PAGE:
spectators and players, feel equal and like they belong?
2. How does the Mooses behaviour change when they get ready to play Kapuskasing? Why does it
3. These were Indian boys. They may have been lumberjacks and mine workers when they
werent playing the game, but concrete arenas and carpeted dressing rooms intimidated them
(122). Why do you think the arenas and dressing rooms intimidated the players on the Moose?
4. How does the crowd respond to Sauls performance?
5. According to Virgil, why do white people play the game? What is wrong, in his eyes, about the
way they view the game?
6. Why does Saul consistently decide not to fight?
7. What starts being the primary motivation for Saul and his teammates to achieve?
8. How can the scene in which each member of the Moose is beaten up one at a time be seen as
an example of one group trying to control the way another group sees itself?
9. Why does Virgil tell Saul that he has to try to make the Marlies?

Blog # 3
Section 1: Making between 3-5 specific references to the novel, discuss places in the novel
where we see conflict arising from characters or groups attempting to control the identity (how
a person sees him/herself) of another character, or group.
Section 2: Tell the story of a time you got involved in a conflict with someone else. Tell the story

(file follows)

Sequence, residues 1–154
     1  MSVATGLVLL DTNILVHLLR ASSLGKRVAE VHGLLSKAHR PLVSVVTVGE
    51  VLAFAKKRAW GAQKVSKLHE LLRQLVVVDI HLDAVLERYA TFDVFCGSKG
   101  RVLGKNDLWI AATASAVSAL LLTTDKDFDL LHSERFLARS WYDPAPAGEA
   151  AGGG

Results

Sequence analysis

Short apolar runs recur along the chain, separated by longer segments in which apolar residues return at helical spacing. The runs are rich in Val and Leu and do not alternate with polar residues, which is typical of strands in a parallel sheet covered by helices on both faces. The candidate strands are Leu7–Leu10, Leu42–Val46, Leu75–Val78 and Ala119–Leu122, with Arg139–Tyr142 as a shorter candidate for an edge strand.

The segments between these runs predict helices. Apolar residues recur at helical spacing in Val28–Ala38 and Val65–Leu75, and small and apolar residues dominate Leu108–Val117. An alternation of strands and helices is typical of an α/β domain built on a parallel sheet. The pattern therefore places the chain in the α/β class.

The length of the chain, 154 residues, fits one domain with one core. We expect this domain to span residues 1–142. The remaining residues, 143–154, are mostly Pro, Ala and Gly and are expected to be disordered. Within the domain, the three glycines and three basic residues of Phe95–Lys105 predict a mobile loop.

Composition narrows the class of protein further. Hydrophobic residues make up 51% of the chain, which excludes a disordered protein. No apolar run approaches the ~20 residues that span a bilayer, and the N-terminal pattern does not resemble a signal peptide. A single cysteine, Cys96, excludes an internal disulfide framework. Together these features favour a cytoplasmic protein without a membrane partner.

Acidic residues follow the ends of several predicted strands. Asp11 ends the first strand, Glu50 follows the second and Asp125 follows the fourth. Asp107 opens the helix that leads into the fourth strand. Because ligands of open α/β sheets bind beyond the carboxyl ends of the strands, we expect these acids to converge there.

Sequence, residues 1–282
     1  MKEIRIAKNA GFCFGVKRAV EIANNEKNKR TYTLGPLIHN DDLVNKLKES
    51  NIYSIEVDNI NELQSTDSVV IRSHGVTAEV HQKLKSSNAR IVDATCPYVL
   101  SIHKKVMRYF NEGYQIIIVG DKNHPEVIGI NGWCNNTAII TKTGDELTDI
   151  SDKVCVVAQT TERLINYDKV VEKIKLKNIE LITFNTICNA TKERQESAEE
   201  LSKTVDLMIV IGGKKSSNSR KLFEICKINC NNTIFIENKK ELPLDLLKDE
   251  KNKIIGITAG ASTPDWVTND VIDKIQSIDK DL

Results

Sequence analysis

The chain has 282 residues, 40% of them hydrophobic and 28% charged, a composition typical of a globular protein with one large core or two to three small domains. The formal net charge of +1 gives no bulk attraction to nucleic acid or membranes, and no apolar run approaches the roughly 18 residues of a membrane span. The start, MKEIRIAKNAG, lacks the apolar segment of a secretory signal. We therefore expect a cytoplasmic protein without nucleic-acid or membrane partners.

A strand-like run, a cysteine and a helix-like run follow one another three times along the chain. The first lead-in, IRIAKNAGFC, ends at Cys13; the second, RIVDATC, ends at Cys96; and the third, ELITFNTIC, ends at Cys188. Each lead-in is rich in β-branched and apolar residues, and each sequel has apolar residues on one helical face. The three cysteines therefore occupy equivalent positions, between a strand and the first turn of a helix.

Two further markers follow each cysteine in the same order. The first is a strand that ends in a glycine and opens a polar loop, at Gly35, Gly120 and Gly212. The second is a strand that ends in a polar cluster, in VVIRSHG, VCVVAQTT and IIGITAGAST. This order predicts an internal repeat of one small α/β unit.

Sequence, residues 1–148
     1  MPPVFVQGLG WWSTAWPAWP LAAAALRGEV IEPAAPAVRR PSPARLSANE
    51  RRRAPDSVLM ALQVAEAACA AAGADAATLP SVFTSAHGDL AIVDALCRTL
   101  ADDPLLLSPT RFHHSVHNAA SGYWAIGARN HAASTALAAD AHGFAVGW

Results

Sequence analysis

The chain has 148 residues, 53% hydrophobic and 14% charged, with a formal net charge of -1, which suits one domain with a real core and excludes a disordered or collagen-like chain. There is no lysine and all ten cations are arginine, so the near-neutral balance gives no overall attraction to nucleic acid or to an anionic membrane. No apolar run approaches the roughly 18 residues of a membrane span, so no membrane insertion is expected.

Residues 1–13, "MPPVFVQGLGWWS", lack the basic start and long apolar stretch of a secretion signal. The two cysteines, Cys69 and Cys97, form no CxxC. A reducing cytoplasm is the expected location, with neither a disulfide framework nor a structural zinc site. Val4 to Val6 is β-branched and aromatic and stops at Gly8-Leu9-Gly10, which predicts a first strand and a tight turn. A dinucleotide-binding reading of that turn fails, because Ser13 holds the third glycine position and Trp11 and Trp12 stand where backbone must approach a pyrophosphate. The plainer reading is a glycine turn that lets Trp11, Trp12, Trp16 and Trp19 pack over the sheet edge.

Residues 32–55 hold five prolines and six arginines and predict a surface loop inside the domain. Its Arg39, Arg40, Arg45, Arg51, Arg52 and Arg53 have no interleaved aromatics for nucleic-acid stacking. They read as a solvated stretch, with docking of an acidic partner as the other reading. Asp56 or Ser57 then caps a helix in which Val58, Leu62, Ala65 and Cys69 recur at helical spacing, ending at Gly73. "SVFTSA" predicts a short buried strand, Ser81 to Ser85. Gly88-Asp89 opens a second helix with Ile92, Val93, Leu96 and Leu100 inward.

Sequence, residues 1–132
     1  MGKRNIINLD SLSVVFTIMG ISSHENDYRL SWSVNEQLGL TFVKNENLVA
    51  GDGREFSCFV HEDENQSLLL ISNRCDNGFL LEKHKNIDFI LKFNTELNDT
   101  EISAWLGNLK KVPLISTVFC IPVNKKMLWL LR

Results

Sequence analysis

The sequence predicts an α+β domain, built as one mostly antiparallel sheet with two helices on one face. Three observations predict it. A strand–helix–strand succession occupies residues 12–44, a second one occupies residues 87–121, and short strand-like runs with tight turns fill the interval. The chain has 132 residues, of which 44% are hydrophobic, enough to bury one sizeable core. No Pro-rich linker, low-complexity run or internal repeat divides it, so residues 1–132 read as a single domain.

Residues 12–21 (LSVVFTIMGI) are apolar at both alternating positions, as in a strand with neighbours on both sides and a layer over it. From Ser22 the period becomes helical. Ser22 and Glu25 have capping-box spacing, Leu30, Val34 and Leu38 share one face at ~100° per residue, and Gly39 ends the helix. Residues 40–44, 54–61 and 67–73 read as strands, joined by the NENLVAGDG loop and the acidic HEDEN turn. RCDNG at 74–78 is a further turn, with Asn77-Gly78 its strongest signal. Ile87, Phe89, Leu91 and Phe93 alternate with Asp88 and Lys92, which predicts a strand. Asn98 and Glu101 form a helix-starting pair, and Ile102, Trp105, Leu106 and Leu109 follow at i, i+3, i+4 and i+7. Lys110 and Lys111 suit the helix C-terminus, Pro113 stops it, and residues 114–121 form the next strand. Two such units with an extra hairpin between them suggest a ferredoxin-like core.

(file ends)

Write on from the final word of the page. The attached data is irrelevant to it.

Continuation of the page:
of this conflict, then explain how this conflict can be understood as a struggle for control over


1. Why do you think books gave Saul such a sense of security?
2. What is most hurtful about the way the elite players treat Saul? Why did this hurt so much?
3. What does Saul feel people wont let him just be? What do they see him as instead?
4. What do the players do to show Saul doesnt belong? What is it they want him to do?
5. Why does Saul eventually start fighting?
6. In Chapter 40, Saul says We sat in the dark, and there were no more words. The silence was
enough (171). Why do you think he find such comfort in the darkness?
7. At the logging camp, where does Saul find peace?
8. Why doesnt Saul react to the racist comments the loggers make? What is it that eventually
causes him to fight?
9. On page 181, Saul says . . .I discovered that being someone you are not is often easier than
living with the person you are. Do you understand what he means? How much do you agree
with this statement?
10. What does Saul finally discover is the reason for his rage? What is his explanation for why he
began fighting?
11. What are three things Saul does in order to reclaim a sense of dignity and pride in who he is?

Blog #4
Section 1: Making between 3-5 specific references to the novel, discuss places in the novel where we
see Saul lying to others and, more importantly, to himself. Some questions to consider are: What is the
truth he is hiding from? How does he hide this truth from himself? What does he have to do in order to
deal with this truth? In this response, be sure to explain the link between lying and feelings of
Section 2: Write about a time where you successfully lied to yourself, or to someone else. How could
this lie be explained as a reaction to feeling powerless, or less powerful than the person to whom you
were lying? In what way did the lie hide this imbalance in the power dynamic?